Why is it that we think that we should put God off because if we get too near to him, he will wreck our life where nobody in the New Testament, whoever took Jesus seriously, got anything but life. Once they got Jesus, they didn’t want to give him up for anything. But we persist, don’t we? People, in thinking, that if we get close to Jesus, He’ll wreck it.
Why is it that we think, ‘Well we’ll turn to God when we’re 80 or 90’. When we’ve got no guarantees that we’ll get to 80 or 90, and when we get to 80 or 90 we’ve got no guarantees we’ll be thinking straight? Why is it that we want to stay the pirate on the opposite side to the king when the king invites us to cross to his ship, on his gang plank, at his expense and giving us a pardon for the past and a great guarantee of the future? There’s something very perverse about us. So, this writer says, ‘Be quick.’
The third thing this morning is, Be His,’ Ecclesiastes, Chapter 12, the last chapter of the book. These are brilliant verses. They describe the process of ageing. Getting to the day, verse 6 where the silver cord is severed and the golden bowl is broken, and the dust returns to the dust, and the soul returns to God. Again, the writer is saying, ‘Don’t forget your maker. That’s really who you’ve been made for, and you need to remember Him before you fade away.’
Don’t be like those people in politics or business who are making sure that they never make a decision by having so many consultants and reports, and papers, and forums, on and on. Opposing one another until finally, you can say, ‘Well, we’ve thought a lot about it, and we’re not doing anything.’
The description of old age in Chapter 12 where the pleasure starts to fade and strength starts to disappear, and verse 5 we leave the world. I think that this is a very clever description of the decaying of the human body. Verse 3, ‘The grinders are few.’ I think that means the teeth.
‘The windows,’ verse 3, are dim.’ I think that means the eyes.
‘The ears, the sounds get faint,’ verse 4, and even desire, even sexual potency starts to fade,’ verse 5.
So, he says, ‘Remember your creator,’ verse 1, because,’ verse 8, ‘without Him you’re life will be meaningless.’
I could imagine these verses being read out of school assembly. I could imagine the people who are there saying,’Yes. This is a lovely reading. It’s a lovely piece of poetry, and I agree. I think we should give a little tick to the creator. I’m going to remember Him. I’m going to set aside 60 seconds to remember my Creator. That’s what I’ll do. Yes, I acknowledge Him.’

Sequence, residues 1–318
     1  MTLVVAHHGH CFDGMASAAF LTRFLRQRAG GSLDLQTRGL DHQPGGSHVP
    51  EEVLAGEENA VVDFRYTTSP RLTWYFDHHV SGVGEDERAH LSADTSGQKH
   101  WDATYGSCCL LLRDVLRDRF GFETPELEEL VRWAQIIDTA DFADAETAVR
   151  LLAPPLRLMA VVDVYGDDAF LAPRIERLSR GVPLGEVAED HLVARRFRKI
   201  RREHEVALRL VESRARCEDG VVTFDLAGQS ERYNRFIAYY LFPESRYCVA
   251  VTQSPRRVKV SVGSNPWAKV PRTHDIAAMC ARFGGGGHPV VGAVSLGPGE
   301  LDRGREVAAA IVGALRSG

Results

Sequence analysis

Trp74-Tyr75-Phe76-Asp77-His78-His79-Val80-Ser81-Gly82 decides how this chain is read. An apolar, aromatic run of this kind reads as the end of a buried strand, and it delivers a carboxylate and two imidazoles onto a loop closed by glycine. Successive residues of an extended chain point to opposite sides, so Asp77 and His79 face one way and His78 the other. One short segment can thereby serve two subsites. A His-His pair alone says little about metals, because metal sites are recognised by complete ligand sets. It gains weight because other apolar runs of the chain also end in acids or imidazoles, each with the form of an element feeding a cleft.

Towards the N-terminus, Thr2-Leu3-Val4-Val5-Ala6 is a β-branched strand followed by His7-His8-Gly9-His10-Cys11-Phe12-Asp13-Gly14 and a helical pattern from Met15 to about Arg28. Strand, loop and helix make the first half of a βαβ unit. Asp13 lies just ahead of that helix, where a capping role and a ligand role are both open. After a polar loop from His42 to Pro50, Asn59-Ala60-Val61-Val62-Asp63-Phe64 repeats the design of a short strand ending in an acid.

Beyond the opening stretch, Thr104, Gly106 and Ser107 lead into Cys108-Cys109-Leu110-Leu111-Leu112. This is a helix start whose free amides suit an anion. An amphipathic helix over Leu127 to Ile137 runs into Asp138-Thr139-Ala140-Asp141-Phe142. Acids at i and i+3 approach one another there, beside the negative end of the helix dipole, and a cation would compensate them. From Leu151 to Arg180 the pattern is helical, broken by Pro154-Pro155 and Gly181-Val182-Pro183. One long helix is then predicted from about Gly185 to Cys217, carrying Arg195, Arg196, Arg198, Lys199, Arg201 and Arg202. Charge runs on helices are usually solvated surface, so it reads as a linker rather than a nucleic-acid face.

But it doesn’t mean that, does it? It means that we’ve got to be goaded – look at verse 11 – or prodded, or pushed, verse 11,to the Shepherd because the creator is more than a creator. He’s a creator and a Shepherd. He’s more than a creator and a Shepherd. He’s a creator, a Shepherd, and a father.’ That’s where this book is pushing us.
God is not asking us to mentally acknowledge Him. He’s asking us to belong to Him, to be His. If you wake up to your creator and you say, ‘There is a God,’ well, you’ve made a start. The next step is to realise that a distant creator is a danger, and no solution, especially when you know that He is a father to those who have welcomed His son.
That’s the way to becoming one of God’s children. You become one of God’s children by welcoming His son. John, chapter 1, ‘Christ came into the world. Those who receive him, God gave the right to become His children.’ We’re all part of the creation. We’ve all got a creator. But you only become one of God’s children when you welcome God’s son. What a privilege it is to welcome His son and receive eternal life that will go through the grave.
So as we come to the end of Ecclesiastes, he’s been a good guide for us because he shows us that the roads away from God are dead ends and are dreadful, and will get darker and darker, and end in permanent darkness. But he finishes in a way by pointing us to God, who is the Shepherd. We might remember the words of the Lord Jesus,I am the good Shepherd. I lay my life down for the sheep. I give them eternal life. No one will ever pluck them out of my hand.’
So Ecclesiastes calls out, ‘This is a meaningless road without God,’ and Jesus calls out, ‘It’s a meaningful life with him.’
Ecclesiastes calls out, ‘This is a dark, dark road,’ and Jesus calls out, ‘I’m the light of the world.’
Ecclesiastes says, ‘Your life will be meaningless without Christ,’ and Jesus says, ‘Your life with me will be utterly meaningful.
You will belong to the one you were made by. You’ll belong to the one you’re loved by. You’ll always belong to him, and the thousands of little things that you do in your life will be used by him for eternal good.’
Let’s pray. Father, we thank you so much for giving us the prodding, pushing word of Ecclesiastes, and we pray that you would give us the wisdom, the insight and the confidence that the world without you, despite all its bragging, is empty and short. We thank you for sending into the world the Lord Jesus, for the bringing of the good Shepherd, the bringing of light.
We pray that you would help us, each one today, to rise and follow, to respond to Him, to rejoice in Him, to serve Him, and to help others belong as well. We ask it in Jesus’ name, Amen.